NEW YORK (June 21, 2010)The nations of East and Central Africa have developed a 10-year action plan to save one of humankind's closest relativesthe eastern chimpanzeefrom hunting, habitat loss, disease, and other threats, according to an announcement made today by the Wildlife Conservation Society (WCS) and the International Union for Conservation of Nature (IUCN).
The ambitious plantitled "Eastern Chimpanzee (Pan troglodytes schweinfurthii): Status Survey and Conservation Action Plan: 2010-2020"calls for the conservation of 16 core areas which if protected would conserve 96% of the known populations of eastern chimpanzees.
"This effort to assess the status of eastern chimpanzees will help us to focus our conservation actions more effectively," said Dr. Andrew Plumptre, director of the Wildlife Conservation Society's Albertine Rift Program and the plan's lead author. "In the next decade, we hope to minimize the threats to these populations and the ecological and cultural diversity they support."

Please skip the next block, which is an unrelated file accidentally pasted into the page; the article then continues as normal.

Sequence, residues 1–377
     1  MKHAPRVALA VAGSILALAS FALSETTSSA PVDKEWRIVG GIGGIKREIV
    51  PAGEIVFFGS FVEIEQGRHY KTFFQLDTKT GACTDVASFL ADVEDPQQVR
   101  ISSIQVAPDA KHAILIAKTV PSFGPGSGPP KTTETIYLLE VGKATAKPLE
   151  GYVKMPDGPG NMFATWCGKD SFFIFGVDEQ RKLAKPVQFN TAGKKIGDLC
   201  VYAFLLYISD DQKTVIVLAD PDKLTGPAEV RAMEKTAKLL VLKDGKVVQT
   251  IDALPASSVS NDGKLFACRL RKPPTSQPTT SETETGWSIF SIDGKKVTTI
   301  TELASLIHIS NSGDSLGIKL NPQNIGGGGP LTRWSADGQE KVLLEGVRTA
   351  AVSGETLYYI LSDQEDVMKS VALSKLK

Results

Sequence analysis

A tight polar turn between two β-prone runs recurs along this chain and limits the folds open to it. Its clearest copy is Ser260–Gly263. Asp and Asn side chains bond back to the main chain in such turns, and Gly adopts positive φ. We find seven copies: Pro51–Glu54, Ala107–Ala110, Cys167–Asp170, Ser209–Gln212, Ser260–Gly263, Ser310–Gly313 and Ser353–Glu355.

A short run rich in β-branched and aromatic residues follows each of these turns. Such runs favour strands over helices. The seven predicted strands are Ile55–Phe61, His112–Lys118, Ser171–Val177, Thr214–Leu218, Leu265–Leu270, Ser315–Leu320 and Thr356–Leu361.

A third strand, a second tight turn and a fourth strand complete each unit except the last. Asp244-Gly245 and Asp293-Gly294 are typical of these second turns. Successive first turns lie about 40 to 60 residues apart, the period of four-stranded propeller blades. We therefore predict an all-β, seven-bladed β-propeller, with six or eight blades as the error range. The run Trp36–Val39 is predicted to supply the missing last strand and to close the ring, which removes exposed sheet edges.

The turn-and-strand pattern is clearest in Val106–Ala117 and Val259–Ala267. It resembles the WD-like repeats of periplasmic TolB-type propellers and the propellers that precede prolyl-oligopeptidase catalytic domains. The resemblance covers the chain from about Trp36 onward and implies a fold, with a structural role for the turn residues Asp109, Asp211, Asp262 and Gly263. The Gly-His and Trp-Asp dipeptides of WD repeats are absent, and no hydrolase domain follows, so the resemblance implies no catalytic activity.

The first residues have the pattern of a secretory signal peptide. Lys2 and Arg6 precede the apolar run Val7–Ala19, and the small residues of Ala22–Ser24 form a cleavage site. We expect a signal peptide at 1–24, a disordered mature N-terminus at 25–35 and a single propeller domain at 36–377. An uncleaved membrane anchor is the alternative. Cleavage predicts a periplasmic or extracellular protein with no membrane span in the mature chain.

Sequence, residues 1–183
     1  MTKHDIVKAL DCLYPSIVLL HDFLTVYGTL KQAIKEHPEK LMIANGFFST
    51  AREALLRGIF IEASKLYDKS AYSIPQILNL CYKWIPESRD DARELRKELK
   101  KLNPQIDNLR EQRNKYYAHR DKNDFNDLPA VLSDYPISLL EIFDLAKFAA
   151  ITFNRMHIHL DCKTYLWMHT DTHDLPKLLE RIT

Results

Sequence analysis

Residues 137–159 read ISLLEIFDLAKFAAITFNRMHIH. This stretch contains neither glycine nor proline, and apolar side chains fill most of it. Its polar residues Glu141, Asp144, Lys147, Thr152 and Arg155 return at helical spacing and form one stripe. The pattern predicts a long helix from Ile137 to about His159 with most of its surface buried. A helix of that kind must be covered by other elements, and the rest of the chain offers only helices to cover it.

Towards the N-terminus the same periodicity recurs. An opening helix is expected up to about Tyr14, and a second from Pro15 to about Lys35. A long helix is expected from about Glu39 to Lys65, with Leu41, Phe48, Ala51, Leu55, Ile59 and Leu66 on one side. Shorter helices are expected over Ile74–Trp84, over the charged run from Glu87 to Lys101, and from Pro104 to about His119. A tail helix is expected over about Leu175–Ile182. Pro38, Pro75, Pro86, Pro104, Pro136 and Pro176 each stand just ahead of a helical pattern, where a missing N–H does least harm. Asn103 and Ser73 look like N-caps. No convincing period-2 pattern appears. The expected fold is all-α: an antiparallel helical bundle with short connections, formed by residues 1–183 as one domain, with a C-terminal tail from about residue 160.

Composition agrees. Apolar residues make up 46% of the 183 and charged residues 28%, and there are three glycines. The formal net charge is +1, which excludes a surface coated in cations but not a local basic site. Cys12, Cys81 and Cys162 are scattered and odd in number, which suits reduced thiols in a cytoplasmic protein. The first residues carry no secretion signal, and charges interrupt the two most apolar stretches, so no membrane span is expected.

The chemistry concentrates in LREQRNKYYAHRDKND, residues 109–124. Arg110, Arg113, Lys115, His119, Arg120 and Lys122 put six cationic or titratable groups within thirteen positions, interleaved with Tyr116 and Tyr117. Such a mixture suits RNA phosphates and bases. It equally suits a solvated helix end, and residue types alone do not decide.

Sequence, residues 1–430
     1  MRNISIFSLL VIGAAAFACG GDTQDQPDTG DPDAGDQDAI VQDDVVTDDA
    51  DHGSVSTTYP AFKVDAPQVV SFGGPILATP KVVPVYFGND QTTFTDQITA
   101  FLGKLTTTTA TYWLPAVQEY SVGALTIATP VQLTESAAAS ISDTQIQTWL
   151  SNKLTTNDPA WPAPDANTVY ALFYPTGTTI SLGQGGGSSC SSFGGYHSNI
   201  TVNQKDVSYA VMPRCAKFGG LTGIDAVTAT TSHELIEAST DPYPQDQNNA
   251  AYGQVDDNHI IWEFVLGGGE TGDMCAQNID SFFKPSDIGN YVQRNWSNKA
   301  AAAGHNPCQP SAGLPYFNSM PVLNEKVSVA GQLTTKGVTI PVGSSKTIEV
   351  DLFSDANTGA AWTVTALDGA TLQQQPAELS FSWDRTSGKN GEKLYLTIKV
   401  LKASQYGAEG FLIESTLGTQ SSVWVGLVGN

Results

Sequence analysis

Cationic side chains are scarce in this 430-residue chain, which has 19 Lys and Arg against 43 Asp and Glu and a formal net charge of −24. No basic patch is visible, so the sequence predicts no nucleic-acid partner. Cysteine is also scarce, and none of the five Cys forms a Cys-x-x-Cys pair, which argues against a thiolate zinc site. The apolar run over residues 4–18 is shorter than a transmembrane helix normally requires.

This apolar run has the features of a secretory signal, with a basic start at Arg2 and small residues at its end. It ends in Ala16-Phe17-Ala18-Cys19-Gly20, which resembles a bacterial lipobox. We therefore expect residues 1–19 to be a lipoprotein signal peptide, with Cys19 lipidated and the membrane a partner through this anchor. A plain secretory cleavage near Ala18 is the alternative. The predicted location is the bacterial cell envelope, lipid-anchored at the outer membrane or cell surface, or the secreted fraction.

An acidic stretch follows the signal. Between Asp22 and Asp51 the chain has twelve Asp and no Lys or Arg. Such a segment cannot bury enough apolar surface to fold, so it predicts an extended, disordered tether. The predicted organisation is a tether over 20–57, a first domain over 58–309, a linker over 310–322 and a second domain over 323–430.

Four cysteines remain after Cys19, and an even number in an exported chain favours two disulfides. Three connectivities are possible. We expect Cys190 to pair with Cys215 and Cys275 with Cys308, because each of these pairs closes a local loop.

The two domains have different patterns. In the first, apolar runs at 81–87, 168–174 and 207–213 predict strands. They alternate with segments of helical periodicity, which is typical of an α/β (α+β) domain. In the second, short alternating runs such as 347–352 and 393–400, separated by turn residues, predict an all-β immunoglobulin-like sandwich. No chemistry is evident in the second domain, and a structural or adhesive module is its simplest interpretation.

In one of the most wide-reaching efforts to assess the status and conservation threats to eastern chimpanzees, conservation practitioners and researchers with experience from all seven range states contributed data on sightings, nests, feeding signs, and vocalizations from the past decade; more than 22,000 GPS-located data points across their range. During a workshop in August of 2009, more than 30 experts from seven countries traveled to Kampala, Uganda to identify priorities for the conservation of the subspecies, and to develop an action plan with specific projects for their conservation. To fill in the gaps in countries currently off limits to research due to conflict, the plan authors formulated predictive models to estimate the density of chimpanzee populations in un-surveyed areas.
In the subsequent range-wide priority setting analysis, workshop participants identified 16 chimpanzee conservation units that, if successful
|Contact: Stephen Sautner|
Wildlife Conservation Society